Questions about hard butter churn up debate

It might look like a minor inconvenience, but in Canada, it's churning up a major debate. Is butter harder to spread these days?

The question and has caught the attention of the dairy lobby, which is looking into the matter.

Right now, the simple explanation is we don't know why it seems like butter is harder lately.

Director of the Agri-Food Lab at Dalhousie University, Sylvain Charlebois, has a theory. He believes palm oil added to the new version of butter makes it harder and the difference is noticeable.

“Butter is hard, and palm oil is bad,” says Charlebois. “When you put two toast in the toaster and you get them out, and you butter one toast with organic butter, you butter the other with regular butter, you’ll see the difference.”

The demand for butter has gone up more than 12 per cent in the last year, mainly due to people at home baking more during the pandemic.

The Dairy Farmers of Canada are aware of the debate. They say:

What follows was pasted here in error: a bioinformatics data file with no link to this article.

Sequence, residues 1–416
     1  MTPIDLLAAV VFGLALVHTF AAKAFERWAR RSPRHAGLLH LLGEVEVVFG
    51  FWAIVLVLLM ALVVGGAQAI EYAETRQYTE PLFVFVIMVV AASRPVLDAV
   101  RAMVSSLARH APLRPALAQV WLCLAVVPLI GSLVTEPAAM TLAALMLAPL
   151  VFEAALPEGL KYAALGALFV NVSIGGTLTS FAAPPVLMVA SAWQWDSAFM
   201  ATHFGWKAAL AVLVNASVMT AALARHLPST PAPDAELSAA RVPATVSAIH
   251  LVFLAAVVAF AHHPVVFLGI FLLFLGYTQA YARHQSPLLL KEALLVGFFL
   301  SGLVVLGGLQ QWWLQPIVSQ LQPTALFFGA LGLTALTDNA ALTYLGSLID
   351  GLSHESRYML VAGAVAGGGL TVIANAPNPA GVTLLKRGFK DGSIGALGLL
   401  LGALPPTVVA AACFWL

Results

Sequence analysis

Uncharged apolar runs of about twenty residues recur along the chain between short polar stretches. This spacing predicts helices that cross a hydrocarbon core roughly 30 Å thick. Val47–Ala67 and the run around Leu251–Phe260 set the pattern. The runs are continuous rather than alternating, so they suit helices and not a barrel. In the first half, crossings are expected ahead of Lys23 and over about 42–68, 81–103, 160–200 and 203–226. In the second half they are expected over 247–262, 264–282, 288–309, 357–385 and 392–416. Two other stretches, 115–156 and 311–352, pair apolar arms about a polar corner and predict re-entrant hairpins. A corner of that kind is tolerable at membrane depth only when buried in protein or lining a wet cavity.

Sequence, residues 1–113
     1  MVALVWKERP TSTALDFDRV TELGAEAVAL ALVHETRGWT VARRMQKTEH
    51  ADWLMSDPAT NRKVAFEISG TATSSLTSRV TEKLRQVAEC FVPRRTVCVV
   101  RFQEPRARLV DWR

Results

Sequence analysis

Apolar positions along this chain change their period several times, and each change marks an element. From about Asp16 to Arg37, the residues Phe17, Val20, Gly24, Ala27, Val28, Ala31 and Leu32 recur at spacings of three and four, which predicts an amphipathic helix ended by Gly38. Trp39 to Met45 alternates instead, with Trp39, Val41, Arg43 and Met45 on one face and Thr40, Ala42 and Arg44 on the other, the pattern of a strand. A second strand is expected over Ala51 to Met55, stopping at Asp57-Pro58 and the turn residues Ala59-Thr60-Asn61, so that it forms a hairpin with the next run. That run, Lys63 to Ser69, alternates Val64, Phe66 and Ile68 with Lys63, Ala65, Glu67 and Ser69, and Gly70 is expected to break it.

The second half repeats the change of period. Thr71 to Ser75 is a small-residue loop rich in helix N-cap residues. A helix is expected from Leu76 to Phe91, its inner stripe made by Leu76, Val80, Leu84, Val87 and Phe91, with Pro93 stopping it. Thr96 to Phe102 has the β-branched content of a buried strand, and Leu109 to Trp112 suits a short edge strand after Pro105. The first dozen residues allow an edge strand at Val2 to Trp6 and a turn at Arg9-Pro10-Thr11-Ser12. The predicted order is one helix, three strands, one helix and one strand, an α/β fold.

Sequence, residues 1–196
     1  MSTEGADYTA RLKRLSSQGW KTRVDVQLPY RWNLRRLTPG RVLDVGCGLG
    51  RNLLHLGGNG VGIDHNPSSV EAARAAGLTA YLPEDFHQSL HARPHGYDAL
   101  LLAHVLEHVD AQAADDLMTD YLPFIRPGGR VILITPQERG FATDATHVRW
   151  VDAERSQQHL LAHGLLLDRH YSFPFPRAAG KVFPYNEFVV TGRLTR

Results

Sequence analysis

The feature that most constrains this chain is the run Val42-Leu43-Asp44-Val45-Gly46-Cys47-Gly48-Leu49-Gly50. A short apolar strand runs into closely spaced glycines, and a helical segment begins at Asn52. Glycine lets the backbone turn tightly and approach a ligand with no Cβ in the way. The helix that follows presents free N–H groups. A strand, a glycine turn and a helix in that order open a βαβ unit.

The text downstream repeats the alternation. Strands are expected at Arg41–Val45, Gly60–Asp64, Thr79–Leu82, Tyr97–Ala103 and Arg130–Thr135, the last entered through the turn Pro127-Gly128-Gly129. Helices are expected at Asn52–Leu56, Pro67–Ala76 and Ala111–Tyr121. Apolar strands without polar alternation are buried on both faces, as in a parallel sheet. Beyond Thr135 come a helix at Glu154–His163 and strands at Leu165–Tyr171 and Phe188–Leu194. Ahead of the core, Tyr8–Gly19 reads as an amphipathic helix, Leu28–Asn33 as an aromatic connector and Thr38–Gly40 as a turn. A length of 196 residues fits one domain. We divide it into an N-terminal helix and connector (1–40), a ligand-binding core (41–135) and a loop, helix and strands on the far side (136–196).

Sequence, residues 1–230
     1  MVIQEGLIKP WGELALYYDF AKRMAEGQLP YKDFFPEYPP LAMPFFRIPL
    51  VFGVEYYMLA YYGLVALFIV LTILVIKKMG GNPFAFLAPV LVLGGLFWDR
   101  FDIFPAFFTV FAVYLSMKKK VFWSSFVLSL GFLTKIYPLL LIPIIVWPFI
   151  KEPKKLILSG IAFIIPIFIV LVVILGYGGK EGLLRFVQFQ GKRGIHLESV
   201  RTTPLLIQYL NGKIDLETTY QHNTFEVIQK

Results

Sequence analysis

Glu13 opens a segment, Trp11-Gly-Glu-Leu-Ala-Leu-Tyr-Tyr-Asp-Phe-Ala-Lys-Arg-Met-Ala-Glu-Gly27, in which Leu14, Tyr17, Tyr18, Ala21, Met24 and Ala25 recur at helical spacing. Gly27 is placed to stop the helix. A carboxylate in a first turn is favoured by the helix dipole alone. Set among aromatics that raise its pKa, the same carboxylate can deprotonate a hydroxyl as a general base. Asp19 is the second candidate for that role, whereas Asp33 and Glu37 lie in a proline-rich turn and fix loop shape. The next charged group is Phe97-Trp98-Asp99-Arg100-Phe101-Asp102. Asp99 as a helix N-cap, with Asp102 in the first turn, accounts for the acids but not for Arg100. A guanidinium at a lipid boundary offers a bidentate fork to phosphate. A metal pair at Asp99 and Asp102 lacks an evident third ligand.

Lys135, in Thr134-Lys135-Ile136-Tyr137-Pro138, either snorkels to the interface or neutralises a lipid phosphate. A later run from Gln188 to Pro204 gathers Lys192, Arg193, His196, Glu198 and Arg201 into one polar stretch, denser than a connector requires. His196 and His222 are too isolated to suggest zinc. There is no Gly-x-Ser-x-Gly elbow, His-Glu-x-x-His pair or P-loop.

"Palm products, including those derived from palm oil, are sometimes added to dairy cows’ rations in limited amounts to increase the energy density of cow diets if needed. The amount typically provided in their feed is small, and has a very limited impact on the palmitic fatty acid profile of their milk."

The lobbying group says it plans to create a working group "comprised of stakeholders and experts to assess current literature, gaps in data, and look into issues that have been raised by consumers."

The organization also says palm oil is safe and approved by the Canadian Food Inspection Agency.

No hard data on butter hardness

Keith Warriner is a food microbiologist with the Department of Food Science at the University Of Guelph. He says palm oil prevents butter from going rancid as quickly, and there are other reasons that can cause hardness, like the speed at which the butter is processed. He thinks Charlebois should have done more research.

“I think what he’s done, is kind of really gone overboard, with no evidence,” says Warriner. “He says that, oh I’ve asked 50 per cent of farmers and they say yes, palm oil. But tell me, where’s the data on this one?”

Charlebois says, “We’re not convinced it is the cause, but it's pretty plausible.”